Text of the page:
Celebration of Muslim Women Making History…
By Ayesha K. Mustafaa
(Originally published in Muslim Journal Vol. 46, No. 28, February 26, 2021)
NEW YORK CITY, N.Y. – Earlier this year 2021, ABC News Executive Vice President Derek Medina sent out the following note to the news division announcing that Khadijah Sharif-Drinkard was joining the network as its Senior Vice President for Business Affairs.
His statement to the news division continued, “Reporting to me, Khadijah will negotiate and oversee the planning and negotiation of talent deals for ABC News’ on-air talent and senior editorial staff as well as a growing number of production, digital and content license agreements aimed at growing ABC News’ brand and increasing revenue and audience size.”
Talking about the right person in the right place at the right time, that’s Khadijah. Certainly sounds like huge shoes to fill, however observing her growth from childhood to this day, no one doubts her abilities to “deliver.”
Starting on Feb. 1, 2021, Khadijah joined The Walt Disney Company, also overseeing the Rights and Clearances and VideoSource departments. Mr. Medina closes his welcoming message to Khadijah and to his staff, stating, “Please join me in welcoming Khadijah to ABC News to lead our outstanding team in Business Affairs.”
A smart, savvy, strategic and experienced executive, Khadijah was most recently the Senior Vice President for Business and Legal Affairs at ViacomCBS, serving from 2010 through 2018. There she oversaw deal-making for unscripted programming, music programming, tent poles, specials and news across BET Networks.
Her experiences were paramount in bringing deals to closure for a number of high-profile projects, like “The New Edition Story,” “The Bobby Brown Story” and “Black Girls Rock!.”
Prior to working at BET Networks, she served as Vice President, Senior Counsel at Nickelodeon, where she worked for nine years and helped to launch “Dora the Explorer,” “Diego” and “The Backyardigans” and worked on shows like “Spongebob Squarepants,” along with other hits.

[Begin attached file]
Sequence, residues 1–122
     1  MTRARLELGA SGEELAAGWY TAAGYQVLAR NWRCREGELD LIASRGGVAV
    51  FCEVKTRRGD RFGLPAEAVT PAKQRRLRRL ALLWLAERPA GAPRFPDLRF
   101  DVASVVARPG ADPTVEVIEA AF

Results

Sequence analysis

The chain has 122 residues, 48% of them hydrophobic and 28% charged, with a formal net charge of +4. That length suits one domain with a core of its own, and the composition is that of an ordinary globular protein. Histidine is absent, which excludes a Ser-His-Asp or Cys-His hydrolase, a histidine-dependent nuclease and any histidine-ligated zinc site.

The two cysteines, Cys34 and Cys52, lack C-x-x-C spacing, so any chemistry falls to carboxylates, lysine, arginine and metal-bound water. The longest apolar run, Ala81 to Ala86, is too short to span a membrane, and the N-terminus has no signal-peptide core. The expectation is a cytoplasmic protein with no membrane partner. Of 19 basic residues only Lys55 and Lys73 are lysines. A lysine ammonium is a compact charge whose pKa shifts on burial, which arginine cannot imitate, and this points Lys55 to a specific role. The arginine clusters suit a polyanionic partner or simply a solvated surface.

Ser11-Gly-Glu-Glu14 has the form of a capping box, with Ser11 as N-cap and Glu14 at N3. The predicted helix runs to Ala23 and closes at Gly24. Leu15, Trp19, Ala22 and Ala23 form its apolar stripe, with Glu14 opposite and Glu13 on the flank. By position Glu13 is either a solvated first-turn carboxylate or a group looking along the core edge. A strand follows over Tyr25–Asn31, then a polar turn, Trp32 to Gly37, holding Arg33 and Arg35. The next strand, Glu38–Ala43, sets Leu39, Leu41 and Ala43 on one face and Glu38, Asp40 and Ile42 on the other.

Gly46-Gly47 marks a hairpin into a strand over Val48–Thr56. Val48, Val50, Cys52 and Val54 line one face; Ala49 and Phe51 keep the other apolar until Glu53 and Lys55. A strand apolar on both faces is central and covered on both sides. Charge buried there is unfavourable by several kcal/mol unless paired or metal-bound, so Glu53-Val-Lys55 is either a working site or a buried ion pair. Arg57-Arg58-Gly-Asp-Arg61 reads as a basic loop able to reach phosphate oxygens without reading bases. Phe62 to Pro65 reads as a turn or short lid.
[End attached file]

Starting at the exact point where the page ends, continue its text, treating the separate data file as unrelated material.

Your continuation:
She led a 10-person team advising the network’s leaders on legal matters across the business for unscripted and scripted programs, live events, news, documentaries, music programs and specials.
More recently, she negotiated the partnership between BET and the United Way for a COVID relief special and served as deputy to the Chief Social Engagement Officer for the network’s COVID relief fundraising campaign, which raised nearly $20 million for Black communities during the pandemic.
During her tenure at Viacom and throughout her career, she has been passionately committed to mentorship, personally launching and co-chairing “HERE in NY,” Viacom’s Global Employee Resource Group for women, which promotes diversity, inclusion and professional development.
Plus, she’s created several executive speaker series for company employees and developed innovative diversity employee retention programs in conjunction with senior leaders.
Khadijah is a graduate of Columbia University and currently the President of the Board of Directors for the Columbia College Women.
She graduated from Fordham University School of Law and received the Medal of Honor from the New Jersey Muslim Lawyers Association, the Corporate Counsel of the Year Award from the Muslim Bar Association of New York and the prestigious Luminary Award from the National Association for Multi-Ethnicity in Communications (NAMIC).
Now to her “Muslim side” of the equation: Khadijah was among the first young Muslim adults to be selected by the late leader Imam W. Deen Mohammed as the Muslim Female Youth of the Year, with Saafir Rabb II selected as the Muslim Male Youth of the Year – the same year.
Her sister, Asia Sharif-Clark reminisces about the years she and Khadijah perform “rap” sessions. “We loved touring around the country and sharing our message at Islamic Conventions and community events. At 10 and 12 years old, we began sharing our message of ‘Taqwa,’ ‘Community’ and ‘Marriage.’ It gave us a deep sense of joy. Khadijah and I performed until our early 20s,” Asia said.